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What To Do In A Recession – Angus Jones, Former CMO Of LG

Four weeks ago the Australian share market hit an all-time high, now it is about 30% less. A month later the world is in lock down and my parents who lived through the 2nd World War have never seen it like this. If we had a miracle cure for Covid-19 the world could almost pick up from where it was!

So where is the silver lining and how do we possibly survive this fall from grace? As we speak many who work in human indulgence industries are in despair (restaurants, bars, entertainment, gambling, travel) but counter to that any industry that supports basic services is in boom (health, food, homewares, telecommunication).

The telecommunication carriers are still making the same revenue, the grocery stores have increased business by 50%, some local butchers have tripled their business, and consumer electronic/ computer companies are selling every TV, computer monitor, fridge, home office device they can muster.  Health companies have every production line running everything from surgical masks to bottles of vitamins. The local hardware stores have sold out of paint.

A recession is when people stop spending and the economy contracts.  Every dollar that is spent has a multiple effect, similarly every dollar that is not spent has a contracting effect.  This is why governments are implementing stimulus packages to slow the effect of people losing jobs and not spending money.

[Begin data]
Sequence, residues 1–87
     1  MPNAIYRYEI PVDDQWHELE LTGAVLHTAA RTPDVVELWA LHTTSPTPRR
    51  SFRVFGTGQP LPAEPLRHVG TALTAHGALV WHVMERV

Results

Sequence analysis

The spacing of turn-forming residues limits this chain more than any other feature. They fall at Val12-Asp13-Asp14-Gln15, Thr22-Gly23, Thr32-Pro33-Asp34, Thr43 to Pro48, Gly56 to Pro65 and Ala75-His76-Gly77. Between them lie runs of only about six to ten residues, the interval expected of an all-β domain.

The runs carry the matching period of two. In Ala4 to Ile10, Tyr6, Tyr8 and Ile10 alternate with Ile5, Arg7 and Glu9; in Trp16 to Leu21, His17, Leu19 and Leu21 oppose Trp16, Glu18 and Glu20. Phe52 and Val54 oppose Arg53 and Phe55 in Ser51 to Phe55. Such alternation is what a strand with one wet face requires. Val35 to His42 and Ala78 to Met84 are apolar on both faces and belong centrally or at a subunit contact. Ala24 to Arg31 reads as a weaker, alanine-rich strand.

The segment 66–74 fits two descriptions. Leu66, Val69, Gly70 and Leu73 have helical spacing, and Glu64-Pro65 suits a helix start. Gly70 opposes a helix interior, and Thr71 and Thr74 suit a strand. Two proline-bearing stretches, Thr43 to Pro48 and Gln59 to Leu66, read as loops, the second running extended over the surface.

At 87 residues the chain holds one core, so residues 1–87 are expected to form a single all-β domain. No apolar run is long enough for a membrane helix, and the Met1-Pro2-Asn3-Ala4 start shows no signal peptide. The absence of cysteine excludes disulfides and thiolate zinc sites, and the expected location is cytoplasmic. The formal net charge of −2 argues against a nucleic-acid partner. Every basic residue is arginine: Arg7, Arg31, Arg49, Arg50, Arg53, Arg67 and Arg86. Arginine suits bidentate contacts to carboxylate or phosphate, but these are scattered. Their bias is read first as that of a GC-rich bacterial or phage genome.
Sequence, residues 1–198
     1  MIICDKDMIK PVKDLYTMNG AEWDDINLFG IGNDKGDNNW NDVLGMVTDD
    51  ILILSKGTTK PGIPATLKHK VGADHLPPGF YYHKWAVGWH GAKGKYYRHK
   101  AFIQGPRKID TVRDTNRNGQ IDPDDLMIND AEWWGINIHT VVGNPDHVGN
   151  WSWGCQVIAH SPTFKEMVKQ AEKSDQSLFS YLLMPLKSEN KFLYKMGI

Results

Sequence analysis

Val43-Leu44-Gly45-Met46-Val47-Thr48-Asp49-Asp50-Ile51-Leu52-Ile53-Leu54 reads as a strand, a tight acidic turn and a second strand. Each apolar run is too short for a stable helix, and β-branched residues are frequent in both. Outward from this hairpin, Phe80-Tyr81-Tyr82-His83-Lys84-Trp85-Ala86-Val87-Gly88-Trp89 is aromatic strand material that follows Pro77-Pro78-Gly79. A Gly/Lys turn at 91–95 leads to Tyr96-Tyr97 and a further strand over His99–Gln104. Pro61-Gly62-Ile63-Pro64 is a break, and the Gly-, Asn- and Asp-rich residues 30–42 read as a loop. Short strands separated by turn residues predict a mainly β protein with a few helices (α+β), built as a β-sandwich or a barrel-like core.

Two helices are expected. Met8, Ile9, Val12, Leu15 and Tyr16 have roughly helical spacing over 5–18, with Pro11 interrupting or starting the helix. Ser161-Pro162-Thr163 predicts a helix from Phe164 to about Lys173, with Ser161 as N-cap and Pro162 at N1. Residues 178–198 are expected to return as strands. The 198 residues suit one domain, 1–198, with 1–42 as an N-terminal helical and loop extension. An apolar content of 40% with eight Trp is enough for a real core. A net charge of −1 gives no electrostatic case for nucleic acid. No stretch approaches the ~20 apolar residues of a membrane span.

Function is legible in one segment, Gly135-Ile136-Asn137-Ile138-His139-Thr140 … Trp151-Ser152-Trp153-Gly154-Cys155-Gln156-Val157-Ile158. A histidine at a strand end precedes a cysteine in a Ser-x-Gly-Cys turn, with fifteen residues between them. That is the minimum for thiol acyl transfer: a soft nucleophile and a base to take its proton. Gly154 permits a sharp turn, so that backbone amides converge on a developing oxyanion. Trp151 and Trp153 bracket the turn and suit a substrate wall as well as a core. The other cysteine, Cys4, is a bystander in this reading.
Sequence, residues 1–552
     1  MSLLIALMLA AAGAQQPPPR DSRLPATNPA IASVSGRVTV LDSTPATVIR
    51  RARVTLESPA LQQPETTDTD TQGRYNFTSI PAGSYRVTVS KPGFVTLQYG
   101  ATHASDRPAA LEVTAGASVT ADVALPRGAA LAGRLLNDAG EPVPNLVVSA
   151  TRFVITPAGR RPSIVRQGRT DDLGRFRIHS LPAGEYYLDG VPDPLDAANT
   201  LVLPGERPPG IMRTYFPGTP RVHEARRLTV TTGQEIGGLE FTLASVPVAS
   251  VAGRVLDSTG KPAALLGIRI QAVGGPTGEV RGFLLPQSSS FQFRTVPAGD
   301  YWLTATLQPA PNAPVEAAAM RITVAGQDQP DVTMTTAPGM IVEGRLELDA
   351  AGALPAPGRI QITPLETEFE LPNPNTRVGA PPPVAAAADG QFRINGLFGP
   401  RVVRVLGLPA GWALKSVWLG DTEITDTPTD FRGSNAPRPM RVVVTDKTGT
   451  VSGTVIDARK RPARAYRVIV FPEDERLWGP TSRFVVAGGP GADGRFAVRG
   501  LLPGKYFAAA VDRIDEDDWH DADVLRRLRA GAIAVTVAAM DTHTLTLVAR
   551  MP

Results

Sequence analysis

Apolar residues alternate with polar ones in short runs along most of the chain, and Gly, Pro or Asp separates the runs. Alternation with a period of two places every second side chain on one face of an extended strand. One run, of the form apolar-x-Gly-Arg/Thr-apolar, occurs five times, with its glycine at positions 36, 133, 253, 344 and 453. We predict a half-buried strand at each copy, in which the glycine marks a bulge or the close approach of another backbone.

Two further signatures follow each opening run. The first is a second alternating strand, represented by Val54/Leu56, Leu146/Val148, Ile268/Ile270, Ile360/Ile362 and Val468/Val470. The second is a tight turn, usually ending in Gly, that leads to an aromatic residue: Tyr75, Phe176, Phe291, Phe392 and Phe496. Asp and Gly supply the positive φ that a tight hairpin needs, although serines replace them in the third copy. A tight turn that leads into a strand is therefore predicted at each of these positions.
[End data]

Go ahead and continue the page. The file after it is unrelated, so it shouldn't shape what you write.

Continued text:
We can survive the recession by investing.  The natural instinct is to save money and not spend it.
The world will recover and when it does it is those people and organisations that invested for the future that are the most successful.  For example, the majority of the most successful companies today like Google, Facebook or Tesla were started during the Global Financial Crisis. The starting point of investment is investing in human capital.  If you have the best people don’t lose them as you will need them when the turnaround happens.  If your business is doing well, like the butcher mentioned above, take on some extra casuals like a retrenched chef.  A great example in Australia is airline staff being employed by grocery store chains.

Next spend money.  If you are an individual and eat out at a restaurant every week then make sure you order takeaway every week. Use your time wisely at home and do some of those things on your to-do lists rather than just watching more Netflix.  Be productive. If you are a corporation, invest in your future. Do maintenance, build your brand, and overhaul your IT systems.  Have the strength to prepare for the future rather than short term profits.

Those companies who become complacent and do not spend will only have themselves to blame when new stronger competitors emerge from these difficult times.

Stay healthy – Keep your distance – Please keep spending!

 

Commentary piece by Angus Jones, Former Chief Marketing Officer at LG Electronics. Angus is a career marketer helping organisations sell more.

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